To understand a little about how computers work, you'll need to know about binary

Click here and log into Brainpop for an excellent overview of binary- If you were asked to count to nine, then you'd probably do something along the lines of the following. (Click to reset)

- But what happens when you want to go higher than nine?
- You suddenly run out of new numbers and have to reuse digits you've already used.

- The counting system we use is called base 10, often called
*denary*. This means we have 10 unique numbers (0 up to 9). When we start counting and reach the number 9 and want to continue, we use a preceding 1 (to indicate that we have a single unit of 'tens'), and then start counting from 0 again. - We're not 100% sure why we count in 10s, but it's probably because we have ten fingers.

- Not all cultures count using base 10.
- Conduct some research online (5 mins) to see if you can find out about other numbering systems used by other cultures.

- Computers
**don't use base 10** - Computers chips are basically constructed from transistors that are organised to act as switches.
- You'll learn more about transistors in the next lesson, but for now think of each transistor as a switch. I can be
*ON*or*OFF*(in much the same way as a light-switch can). - This means that computers use a base 2 numbering system, called
**binary**.*ON*is represented by the number 1 and*OFF*is represented by the number 0.

- Counting in binary looks like this

- You can compare binary and denary numbers below.

- You can convert between binary and denary or denary and binary fairly easily.
- The exercises below will help you learn how to do this.
- To convert from binary - denary
- Click on the cards, so that they flip over, until the number shown below the cards matches the binary number you are trying to convert. (ignoring preceding 0's)
- Count the number of spots that are displayed in total.
- This is your denary number.

- To convert from denary - binary
- Click on the cards to flip them until you have the correct number of spots showing, equal to the denary number you are trying to convert.
- Read off the binary number (ignoring preceding 0's) that are displayed below.

- Try converting 1001 from binary into denary, you should get the number 9
- Try converting 19 from denary into binary, you should get the number 10011

- Have you figured out the general method yet?
- Notice how many spots are on each card - 1,2,4,8,16….
- Let's see if we can use this pattern to convert larger binary numbers.
- Let's try the number
`10100110`

- The number consists of 8
*bits*(We use the term bit to describe each unit) - Let's write out the number

1 0 1 0 0 1 1 0

- Now above the binary number, write the number of spots that would have appeared on each card. (Start on the right, with the number
`1`

and then double it each time.

128 64 32 16 8 4 2 1 1 0 1 0 0 1 1 0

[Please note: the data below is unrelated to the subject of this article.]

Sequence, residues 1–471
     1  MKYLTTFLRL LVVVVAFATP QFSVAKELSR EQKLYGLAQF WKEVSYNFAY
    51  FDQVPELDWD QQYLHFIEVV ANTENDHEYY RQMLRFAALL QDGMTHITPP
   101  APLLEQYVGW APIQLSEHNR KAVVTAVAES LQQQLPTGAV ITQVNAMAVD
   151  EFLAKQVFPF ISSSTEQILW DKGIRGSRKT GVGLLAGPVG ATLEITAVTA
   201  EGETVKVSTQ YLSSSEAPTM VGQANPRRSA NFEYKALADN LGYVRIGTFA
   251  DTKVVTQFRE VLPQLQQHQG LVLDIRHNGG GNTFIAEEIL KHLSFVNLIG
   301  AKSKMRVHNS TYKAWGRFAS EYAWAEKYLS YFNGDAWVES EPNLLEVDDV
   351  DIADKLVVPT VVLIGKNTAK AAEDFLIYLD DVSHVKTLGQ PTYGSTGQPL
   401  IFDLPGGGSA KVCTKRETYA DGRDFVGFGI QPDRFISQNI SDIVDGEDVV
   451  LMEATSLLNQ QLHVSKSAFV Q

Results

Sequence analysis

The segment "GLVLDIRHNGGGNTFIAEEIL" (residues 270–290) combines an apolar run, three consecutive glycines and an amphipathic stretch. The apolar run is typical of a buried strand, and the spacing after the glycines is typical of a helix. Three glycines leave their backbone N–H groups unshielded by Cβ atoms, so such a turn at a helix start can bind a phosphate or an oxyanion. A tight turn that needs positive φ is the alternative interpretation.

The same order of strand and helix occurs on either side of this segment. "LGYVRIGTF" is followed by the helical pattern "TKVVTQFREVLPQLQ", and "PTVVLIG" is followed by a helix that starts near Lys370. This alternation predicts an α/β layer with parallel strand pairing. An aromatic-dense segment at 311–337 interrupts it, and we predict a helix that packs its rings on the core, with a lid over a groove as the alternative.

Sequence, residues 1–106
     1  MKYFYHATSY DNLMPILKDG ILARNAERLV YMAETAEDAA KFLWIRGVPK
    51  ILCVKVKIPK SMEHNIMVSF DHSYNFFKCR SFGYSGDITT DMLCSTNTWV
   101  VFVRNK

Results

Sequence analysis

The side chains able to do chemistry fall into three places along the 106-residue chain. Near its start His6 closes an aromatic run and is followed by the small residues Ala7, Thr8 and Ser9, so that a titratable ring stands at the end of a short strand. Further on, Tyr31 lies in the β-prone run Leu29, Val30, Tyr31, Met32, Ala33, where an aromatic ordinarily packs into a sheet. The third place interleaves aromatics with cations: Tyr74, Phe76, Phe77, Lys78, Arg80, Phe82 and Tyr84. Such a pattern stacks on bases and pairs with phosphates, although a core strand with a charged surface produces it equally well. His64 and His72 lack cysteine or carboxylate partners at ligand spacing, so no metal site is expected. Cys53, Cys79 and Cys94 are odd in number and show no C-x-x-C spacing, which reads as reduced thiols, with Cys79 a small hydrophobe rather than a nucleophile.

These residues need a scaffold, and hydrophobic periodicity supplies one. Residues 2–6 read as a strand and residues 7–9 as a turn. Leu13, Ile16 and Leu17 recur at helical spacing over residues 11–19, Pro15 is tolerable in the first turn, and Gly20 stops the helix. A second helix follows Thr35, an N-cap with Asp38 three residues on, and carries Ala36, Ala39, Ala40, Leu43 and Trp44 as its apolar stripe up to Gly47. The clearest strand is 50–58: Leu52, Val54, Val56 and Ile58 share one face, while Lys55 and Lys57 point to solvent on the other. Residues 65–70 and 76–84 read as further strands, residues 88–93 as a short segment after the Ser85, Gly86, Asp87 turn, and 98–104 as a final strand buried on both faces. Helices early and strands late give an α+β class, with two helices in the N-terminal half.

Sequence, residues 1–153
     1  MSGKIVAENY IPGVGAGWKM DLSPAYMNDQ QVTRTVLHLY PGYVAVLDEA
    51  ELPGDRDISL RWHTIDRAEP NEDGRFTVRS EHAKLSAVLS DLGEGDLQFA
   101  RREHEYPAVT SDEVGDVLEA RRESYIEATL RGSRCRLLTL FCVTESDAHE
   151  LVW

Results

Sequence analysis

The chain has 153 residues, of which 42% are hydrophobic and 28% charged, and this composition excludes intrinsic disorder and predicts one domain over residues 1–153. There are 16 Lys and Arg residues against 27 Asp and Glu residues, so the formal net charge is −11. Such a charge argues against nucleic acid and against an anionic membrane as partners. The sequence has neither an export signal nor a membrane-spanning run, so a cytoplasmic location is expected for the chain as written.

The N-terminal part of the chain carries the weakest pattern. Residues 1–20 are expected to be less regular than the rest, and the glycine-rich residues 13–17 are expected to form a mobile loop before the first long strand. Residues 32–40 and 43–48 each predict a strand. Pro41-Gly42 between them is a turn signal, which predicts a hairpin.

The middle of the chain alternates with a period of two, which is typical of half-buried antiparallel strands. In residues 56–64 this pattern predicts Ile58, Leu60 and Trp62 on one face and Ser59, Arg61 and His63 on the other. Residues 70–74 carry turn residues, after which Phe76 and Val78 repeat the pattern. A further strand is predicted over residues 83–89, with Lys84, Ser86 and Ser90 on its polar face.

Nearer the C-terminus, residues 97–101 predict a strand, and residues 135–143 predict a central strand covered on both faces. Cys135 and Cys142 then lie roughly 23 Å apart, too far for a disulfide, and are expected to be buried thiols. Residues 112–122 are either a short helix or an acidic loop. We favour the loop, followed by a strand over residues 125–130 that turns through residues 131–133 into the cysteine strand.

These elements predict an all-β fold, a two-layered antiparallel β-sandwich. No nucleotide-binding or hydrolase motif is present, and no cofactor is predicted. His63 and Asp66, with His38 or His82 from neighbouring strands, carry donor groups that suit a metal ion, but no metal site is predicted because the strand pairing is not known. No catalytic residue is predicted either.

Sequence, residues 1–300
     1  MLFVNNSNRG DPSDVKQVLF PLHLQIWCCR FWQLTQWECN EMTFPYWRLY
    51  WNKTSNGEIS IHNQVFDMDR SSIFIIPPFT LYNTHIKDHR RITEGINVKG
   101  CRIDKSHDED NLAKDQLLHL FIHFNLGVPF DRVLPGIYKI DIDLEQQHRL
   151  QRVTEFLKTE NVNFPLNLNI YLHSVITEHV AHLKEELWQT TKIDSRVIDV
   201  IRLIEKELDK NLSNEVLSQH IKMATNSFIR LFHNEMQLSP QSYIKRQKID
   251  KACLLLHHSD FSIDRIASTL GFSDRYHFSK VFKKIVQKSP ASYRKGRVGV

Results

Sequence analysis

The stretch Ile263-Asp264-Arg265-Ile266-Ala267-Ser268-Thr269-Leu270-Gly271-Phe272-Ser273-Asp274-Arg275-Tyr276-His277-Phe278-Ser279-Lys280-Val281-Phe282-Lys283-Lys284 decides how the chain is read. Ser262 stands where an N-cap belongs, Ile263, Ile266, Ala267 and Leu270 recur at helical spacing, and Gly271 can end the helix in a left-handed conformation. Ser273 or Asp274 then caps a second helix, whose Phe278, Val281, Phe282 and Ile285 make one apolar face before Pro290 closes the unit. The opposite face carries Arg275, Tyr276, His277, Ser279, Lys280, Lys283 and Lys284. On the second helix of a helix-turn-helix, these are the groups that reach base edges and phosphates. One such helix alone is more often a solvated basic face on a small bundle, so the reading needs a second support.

- Now multiply each bit by the denary number above it.

128 64 32 16 8 4 2 1 1 0 1 0 0 1 1 0 X ----------------------------- 128 0 32 0 0 4 2 0

- Now calculate the sum of these numbers

128 + 32 + 4 + 2 = 166

- Have a go yourself with the following binary numbers -
`1001011`

,`1110110`

,`11111111`

- Let's try converting from denary to binary.
- We'll use the number 200.
- We'll start by writing out the spots that would have been on the cards.

128 64 32 16 8 4 2 1

- Now we need to do a little mental arithmetic. Starting from the left, we see that the number 128 can
*go into*200. 200/128 = 1 with a remainder of 72. - Let's write a 1 below the 128

128 64 32 16 8 4 2 1 1

- We're left with a 72 remainder.
- We now move to the next number - 64. 64 can
*go into*72. 72/64 = 1 remainder 8 - Let's write a 1 below the 64.

128 64 32 16 8 4 2 1 1 1

- We're left with an 8 remainder.
- We now move to the next number - 32. 32 can not
*go into*8. - So we write a 0 below the number 32

128 64 32 16 8 4 2 1 1 1 0

- We still have the remainder 8. 16 can not
*go into*8

128 64 32 16 8 4 2 1 1 1 0 0

- We still have the remainder 8. 8 can
*go into*8 with a remainder of 0.

128 64 32 16 8 4 2 1 1 1 0 0 1

- As all we have left is 0, we can add trailing 0's to our number.

128 64 32 16 8 4 2 1 1 1 0 0 1 0 0 0

- So our binary number is
`11001000`

- Have a go yourself with the following denary numbers -
`47, 128, 201`

- To get you Silver Badge convert the following numbers from binary to denary & complete the table
- 1001, 1100, 10001, 10101, 1111101, 11001010

- To get your Gold Badge convert the following numbers from denary to binary + the table below & do something you should never do ever again...explain a joke
- 9, 22, 45, 125, 201, 254, 300

Why do some people find this funny

**"There are 10 kinds of people in the world, those who understand binary and those who donâ€™t**

- Adding binary numbers is pretty much the same as adding denary numbers.
- Try performing the following additions
- 100 + 11
- 100 + 100
- 100 + 1100
- 11001 + 10101 Stuck? Try here

Badge It!

- Try performing the following additions